In this case, Alcantara, by far, had more groundballs hit into shifts than any pitcher in baseball in 2022, with 166; only seven other pitchers were above 100. I still think he’ll be a really good pitcher, but I expect his platoon splits will rise farther than ZiPS does, and before remaining confident he’s in ultra-elite territory, I want to make sure that the changeups that lefties facing Alcantara drive into the ground aren’t sneaking through at high rates.

ZiPS Projection Percentiles – Sandy Alcantara
Percentile ERA+ ERA WAR
95% 173 2.36 7.0
90% 156 2.62 6.5
80% 143 2.85 5.7
70% 135 3.02 5.2
60% 130 3.14 4.9
50% 123 3.32 4.5
40% 118 3.45 4.1
30% 113 3.60 3.8
20% 108 3.79 3.3
10% 98 4.18 2.4
5% 89 4.62 1.6

Robbie Ray, Seattle Mariners

I’m a bit worried about Ray’s strikeout rate. While the dip from 2021 to ’22 wasn’t a big one, his peripherals in this department took a giant splat last year, with his swinging-strike rate falling off by 30%. His contact rate was his worst as an established major leaguer, and his called-strike performance also dropped considerably. ZiPS thought his peripherals, which are a leading indicator of strikeout performance, suggested a whopping 37 fewer strikeouts than were actually reflected in the record. And this isn’t a case of ZiPS having a pattern of underrating Ray’s strikeouts; zSO predicted 1,149 strikeouts for him in 2016–21 versus his 1,152 actual strikeouts. The dropoff in first-strike percentage also tends to mean an increase in walks, though Ray should at least be better than his first start this year!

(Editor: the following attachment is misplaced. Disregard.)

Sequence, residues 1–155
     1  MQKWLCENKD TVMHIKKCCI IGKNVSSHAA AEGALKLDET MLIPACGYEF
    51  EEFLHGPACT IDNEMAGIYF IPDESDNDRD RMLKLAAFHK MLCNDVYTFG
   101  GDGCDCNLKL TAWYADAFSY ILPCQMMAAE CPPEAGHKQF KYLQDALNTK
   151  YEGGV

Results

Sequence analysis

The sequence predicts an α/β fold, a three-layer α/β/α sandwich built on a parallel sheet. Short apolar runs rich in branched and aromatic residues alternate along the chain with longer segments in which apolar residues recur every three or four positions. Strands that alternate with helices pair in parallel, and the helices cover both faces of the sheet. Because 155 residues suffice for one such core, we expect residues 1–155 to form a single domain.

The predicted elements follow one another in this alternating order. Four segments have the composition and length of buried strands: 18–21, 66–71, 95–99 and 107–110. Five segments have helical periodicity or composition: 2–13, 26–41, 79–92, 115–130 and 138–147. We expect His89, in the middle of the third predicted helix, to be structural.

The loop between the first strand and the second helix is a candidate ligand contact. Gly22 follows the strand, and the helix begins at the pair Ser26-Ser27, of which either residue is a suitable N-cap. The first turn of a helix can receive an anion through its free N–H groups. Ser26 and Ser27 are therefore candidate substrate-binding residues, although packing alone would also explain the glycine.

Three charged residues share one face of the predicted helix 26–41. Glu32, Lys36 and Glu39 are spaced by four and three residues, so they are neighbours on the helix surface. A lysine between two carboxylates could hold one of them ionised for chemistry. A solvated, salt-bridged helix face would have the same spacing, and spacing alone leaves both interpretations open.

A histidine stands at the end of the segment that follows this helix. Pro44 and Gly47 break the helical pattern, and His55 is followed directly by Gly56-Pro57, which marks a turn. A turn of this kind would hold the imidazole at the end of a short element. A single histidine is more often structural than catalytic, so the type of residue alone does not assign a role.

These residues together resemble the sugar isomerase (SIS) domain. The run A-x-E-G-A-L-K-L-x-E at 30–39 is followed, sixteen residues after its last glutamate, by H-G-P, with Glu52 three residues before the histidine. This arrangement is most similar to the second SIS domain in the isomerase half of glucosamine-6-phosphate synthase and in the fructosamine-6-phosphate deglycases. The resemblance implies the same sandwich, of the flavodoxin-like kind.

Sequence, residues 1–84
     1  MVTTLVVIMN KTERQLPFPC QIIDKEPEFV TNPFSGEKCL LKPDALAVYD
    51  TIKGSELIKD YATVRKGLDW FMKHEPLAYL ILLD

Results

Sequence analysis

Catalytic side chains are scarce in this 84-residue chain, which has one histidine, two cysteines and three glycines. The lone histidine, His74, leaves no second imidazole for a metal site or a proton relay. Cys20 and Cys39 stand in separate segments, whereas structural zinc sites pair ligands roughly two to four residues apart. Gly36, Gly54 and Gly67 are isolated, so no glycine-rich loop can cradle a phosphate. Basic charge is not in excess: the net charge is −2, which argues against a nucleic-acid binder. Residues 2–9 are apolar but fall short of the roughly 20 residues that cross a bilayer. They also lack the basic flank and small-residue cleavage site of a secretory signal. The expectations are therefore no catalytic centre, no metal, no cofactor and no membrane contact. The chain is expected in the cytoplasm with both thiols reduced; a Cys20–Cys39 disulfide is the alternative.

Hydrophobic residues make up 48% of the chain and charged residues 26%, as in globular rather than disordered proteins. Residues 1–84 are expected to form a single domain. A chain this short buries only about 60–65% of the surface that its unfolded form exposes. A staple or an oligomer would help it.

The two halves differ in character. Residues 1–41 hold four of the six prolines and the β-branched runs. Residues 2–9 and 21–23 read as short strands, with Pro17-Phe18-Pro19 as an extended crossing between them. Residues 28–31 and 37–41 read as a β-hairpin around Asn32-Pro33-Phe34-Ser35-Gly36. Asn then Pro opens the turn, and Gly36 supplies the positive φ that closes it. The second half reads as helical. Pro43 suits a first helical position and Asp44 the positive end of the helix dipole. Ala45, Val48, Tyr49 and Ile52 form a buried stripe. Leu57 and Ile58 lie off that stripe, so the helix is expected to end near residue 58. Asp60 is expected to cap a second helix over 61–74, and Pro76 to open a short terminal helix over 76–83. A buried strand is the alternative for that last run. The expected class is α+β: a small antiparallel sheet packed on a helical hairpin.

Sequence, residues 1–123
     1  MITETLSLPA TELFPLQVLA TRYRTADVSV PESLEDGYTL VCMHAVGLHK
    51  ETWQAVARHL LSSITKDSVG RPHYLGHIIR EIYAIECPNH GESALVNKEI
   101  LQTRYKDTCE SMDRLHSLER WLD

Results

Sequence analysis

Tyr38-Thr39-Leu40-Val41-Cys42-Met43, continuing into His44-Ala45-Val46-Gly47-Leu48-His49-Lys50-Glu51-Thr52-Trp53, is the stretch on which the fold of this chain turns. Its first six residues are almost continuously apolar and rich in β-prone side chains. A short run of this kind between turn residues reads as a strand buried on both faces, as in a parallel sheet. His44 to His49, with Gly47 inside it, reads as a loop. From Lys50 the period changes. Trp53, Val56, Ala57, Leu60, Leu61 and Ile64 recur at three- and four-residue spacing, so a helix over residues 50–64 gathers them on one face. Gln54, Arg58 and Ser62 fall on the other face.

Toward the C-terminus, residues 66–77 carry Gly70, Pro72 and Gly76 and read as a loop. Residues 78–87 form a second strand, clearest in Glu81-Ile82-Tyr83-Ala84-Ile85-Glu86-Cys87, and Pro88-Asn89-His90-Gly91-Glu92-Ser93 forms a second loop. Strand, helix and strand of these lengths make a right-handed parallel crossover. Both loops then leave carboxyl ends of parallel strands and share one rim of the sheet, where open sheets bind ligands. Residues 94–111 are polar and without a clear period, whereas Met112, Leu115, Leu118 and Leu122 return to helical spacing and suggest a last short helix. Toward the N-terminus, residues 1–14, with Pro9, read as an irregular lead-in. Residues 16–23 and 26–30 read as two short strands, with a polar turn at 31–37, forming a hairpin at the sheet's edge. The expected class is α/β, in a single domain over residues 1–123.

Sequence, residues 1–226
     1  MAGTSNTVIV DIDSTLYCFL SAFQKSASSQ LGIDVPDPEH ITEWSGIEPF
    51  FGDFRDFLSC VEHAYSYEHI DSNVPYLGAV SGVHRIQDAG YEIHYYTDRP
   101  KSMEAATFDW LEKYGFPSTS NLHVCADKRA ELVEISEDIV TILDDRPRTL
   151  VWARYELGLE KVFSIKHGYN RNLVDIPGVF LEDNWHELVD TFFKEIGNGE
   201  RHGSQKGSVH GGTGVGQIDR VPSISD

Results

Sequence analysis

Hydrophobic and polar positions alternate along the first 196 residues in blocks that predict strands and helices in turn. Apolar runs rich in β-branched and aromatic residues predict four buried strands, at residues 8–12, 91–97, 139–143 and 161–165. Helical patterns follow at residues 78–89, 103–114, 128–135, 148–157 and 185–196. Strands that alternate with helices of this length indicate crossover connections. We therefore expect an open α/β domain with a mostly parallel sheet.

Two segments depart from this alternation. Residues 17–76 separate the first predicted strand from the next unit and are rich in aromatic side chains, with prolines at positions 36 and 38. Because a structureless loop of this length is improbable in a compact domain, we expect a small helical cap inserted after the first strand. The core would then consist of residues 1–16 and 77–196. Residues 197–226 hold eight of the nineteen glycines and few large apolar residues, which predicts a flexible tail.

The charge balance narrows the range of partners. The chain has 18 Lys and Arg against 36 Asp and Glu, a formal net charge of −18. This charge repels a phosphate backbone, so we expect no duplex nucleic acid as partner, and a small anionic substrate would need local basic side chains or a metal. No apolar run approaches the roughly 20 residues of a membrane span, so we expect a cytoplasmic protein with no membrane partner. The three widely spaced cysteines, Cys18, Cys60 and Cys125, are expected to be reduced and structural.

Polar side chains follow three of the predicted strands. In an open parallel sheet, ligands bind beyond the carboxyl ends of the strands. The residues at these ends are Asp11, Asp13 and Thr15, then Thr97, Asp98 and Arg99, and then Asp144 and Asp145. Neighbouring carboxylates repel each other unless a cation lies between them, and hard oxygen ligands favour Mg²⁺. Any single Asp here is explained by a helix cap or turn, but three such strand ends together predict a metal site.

At least, that is, when he returns from his current flexor strain. If that turns out to be more serious than it looks right now, we’ll have to call this an incomplete; it would be manifestly unfair for me to claim victory in a small sample size.

ZiPS Projection Percentiles – Robbie Ray
Percentile ERA+ ERA WAR
95% 150 2.64 5.2
90% 137 2.91 4.6
80% 122 3.25 3.7
70% 115 3.46 3.3
60% 109 3.65 2.9
50% 104 3.82 2.5
40% 99 4.01 2.1
30% 93 4.25 1.6
20% 85 4.66 0.8
10% 79 5.01 0.2
5% 74 5.37 -0.4

Corey Kluber, Boston Red Sox

ZiPS already isn’t too bullish on Kluber, so I’m in agreement with the computer in this case. I think what we have here is a perfect storm of risky indicators. He was solid in 2022 but also in a beneficial environment, with the Rays’ defense and the Trop being a good fit for him. He was never a flamethrower, but his limited velocity is getting even worse; he’s lost two mph from 2021, placing him at risk of “going Jered Weaver.” What’s more is that in a year in which there are additional incentives for putting balls in play — already less than ideal for Kluber — Fenway is the best non-Coors park for BABIP, and the Red Sox don’t have a particularly good defense. I think Kluber can still have success as the saavy, groundball veteran in a Chelcie Ross/Eddie Harris sense, but it’s more likely when he has the right support behind him.

ZiPS Projection Percentiles – Corey Kluber
Percentile ERA+ ERA WAR
95% 139 3.25 3.0
90% 126 3.57 2.6
80% 117 3.87 2.2
70% 109 4.15 1.9
60% 104 4.36 1.7
50% 98 4.62 1.4
40% 94 4.82 1.2
30% 89 5.10 1.0
20% 82 5.53 0.6
10% 75 6.00 0.2
5% 70 6.47 -0.2

Johnny Cueto, Miami Marlins